The acting on a whole was odd. With the exception of Ellen Burstyn, the acting is mediocre; they never seem to rise above anything great, due to low character development. Although it is seemingly bad acting at the beginning, as you grow attached to the characters, they seem to get better and they never do particularly bad. One of the main problems I found with the story of Harry is there is a lack of empathy. You know they are going through difficult times, but due to the confusion, you never feel for them until the ending, where the empathy-meter goes through the roof. I think probably my main problem with the film stopping it from becoming one of my favourites is the characters never get grounded and focused until the ending, which is why I have grown so fond of it in the last thirty-odd minutes.
Ellen Burstyn’s performance on the other hand is something that keeps you going through the whole film. Her performance at first is placid; you picture her as just the old woman who cannot really act. To a degree, it is true; she has a strange demeanour about herself that makes her realistic. As the movie progresses she deals with the difficult material she is given well and perhaps her only problem is giving the senile act too early in the film, but when the senile is needed, she perfects it.

Darren Aronofsky’s direction is highly experimental. He is a fan of the “Hip Hop Montage”, which is fast editing and shot cuts. While the average movie has about 600-700 cuts, Requiem for a Dream, being a reasonably short movie has over 2000. Darren at sometimes can be pretentious, but the direction is without a doubt the most powerful tool Requiem for a Dream has; it is also has some of the most distinctive direction I have ever seen. He also uses a double screen technique where the screen would show two separate things happening, often from different perspectives of one occurrence. While the direction can be off-putting at times, being perhaps too complex for the common audience viewer, it is effective, as you will get in a film. The tight editing also keeps your mind stimulated, keeping you interested in boring moments, but helps this tragic story come to life. Unfortunately, due to the low-budget and odd direction, Requiem does miss out on great visual, while myself am not a visual junkie, movies like this really can add an extra punch with great visuals. So at times, you could say we have highly experimental and interesting cinemaphotography, opposed to attractive cinema photography. In the end, though all this rustic work Aronofsky loves to do can be a visual letdown, Requiem manages to pays off as one of the most effective films I have ever seen.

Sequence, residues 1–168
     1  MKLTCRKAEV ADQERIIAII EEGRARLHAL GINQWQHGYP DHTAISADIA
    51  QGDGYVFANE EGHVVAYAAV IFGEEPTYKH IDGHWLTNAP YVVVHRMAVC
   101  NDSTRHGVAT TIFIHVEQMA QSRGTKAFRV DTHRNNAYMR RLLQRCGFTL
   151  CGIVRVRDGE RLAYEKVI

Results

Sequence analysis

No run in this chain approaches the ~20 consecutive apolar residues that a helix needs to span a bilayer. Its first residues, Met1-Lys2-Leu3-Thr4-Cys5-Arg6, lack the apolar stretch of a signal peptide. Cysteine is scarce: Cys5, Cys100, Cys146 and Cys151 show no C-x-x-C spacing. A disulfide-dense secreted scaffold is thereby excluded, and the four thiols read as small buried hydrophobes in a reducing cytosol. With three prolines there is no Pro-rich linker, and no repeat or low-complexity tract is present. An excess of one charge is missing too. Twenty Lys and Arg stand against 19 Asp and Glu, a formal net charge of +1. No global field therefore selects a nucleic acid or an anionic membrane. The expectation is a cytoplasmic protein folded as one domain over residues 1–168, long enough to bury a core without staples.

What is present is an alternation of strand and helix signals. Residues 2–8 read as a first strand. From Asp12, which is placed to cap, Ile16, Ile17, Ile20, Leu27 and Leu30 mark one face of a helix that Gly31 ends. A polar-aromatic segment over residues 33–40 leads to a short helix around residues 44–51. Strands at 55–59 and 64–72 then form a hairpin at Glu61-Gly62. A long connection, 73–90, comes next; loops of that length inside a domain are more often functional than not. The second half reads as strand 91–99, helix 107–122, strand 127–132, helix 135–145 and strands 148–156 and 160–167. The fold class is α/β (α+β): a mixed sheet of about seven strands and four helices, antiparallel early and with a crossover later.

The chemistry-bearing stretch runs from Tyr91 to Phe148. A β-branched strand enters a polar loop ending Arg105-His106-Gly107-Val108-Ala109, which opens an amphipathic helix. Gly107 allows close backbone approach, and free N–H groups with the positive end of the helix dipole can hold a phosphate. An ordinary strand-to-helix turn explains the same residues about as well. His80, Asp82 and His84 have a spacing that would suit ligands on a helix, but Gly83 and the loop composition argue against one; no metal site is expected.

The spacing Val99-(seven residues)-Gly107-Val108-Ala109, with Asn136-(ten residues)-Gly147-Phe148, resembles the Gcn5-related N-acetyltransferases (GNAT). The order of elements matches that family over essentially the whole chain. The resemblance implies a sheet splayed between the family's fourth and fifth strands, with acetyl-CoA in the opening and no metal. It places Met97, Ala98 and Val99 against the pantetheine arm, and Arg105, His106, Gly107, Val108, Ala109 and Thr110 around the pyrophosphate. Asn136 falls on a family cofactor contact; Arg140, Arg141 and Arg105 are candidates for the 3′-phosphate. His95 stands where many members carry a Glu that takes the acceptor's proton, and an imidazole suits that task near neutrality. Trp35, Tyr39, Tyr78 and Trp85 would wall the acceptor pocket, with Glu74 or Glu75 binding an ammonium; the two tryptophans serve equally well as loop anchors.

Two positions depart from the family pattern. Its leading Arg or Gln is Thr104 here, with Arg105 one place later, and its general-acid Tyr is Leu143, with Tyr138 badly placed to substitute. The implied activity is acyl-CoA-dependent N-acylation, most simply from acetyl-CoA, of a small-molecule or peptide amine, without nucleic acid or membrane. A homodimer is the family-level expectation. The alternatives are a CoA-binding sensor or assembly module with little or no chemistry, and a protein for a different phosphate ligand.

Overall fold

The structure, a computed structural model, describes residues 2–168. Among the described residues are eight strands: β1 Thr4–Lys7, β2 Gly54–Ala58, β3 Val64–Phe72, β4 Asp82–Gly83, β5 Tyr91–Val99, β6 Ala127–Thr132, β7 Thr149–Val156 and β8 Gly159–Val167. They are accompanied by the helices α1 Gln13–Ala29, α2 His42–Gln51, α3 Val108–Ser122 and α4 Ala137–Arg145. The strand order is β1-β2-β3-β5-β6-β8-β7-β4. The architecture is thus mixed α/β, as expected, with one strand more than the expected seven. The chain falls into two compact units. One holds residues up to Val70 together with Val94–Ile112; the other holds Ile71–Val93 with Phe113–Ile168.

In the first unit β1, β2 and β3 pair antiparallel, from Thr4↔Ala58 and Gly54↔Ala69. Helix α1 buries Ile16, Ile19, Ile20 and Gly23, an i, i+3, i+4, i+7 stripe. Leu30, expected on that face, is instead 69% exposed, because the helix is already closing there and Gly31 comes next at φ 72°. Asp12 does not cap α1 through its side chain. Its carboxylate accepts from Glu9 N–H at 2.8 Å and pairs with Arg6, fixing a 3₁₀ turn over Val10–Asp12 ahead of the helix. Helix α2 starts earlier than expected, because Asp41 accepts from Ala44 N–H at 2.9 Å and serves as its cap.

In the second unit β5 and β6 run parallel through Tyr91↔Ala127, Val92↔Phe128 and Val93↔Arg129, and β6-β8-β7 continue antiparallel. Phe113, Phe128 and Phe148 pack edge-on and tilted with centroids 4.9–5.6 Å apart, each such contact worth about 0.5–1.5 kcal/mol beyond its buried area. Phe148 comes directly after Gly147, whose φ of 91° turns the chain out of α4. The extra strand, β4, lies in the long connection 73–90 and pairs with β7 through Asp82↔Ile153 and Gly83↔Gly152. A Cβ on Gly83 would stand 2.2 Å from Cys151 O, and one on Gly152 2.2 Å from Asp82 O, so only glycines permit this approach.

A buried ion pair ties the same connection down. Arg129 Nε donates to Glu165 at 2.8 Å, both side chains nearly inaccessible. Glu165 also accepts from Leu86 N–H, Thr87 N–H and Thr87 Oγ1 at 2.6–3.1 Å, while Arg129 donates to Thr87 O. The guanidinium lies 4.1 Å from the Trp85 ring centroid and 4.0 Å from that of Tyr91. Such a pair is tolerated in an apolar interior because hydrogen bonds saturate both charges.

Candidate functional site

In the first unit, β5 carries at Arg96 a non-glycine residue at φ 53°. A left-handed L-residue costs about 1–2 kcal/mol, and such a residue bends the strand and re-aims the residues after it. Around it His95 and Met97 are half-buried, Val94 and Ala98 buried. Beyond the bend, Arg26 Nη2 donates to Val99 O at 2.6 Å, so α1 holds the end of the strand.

Some direction oddities
Overall, I could sit here all day listing the problems with this movie, Requiem for a Dream itself is as much as a tragedy as the story is portrays. Yet to be left speechless, getting a similar feeling to which I got from my first viewing of Donnie Darko, you know this film matters. The acting is not perfect, the plot is cloudy and it can be an eye sore; although it has such a powerful ending, moral and direction like no other movie, you can easily overlook all these problems. Requiem for a Dream successfully demonizes addiction, but also gives a powerful and realistic tale to send a chill down a spine.


Monday, March 7, 2011

Rocky II (1979)

Rocky II (1979)